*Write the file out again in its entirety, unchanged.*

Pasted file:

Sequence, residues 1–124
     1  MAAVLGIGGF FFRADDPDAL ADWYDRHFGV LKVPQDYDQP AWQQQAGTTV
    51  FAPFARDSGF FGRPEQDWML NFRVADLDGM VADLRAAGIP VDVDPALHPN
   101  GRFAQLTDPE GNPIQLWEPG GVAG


Sequence, residues 1–124
     1  MAAVLGIGGF FFRADDPDAL ADWYDRHFGV LKVPQDYDQP AWQQQAGTTV
    51  FAPFARDSGF FGRPEQDWML NFRVADLDGM VADLRAAGIP VDVDPALHPN
   101  GRFAQLTDPE GNPIQLWEPG GVAG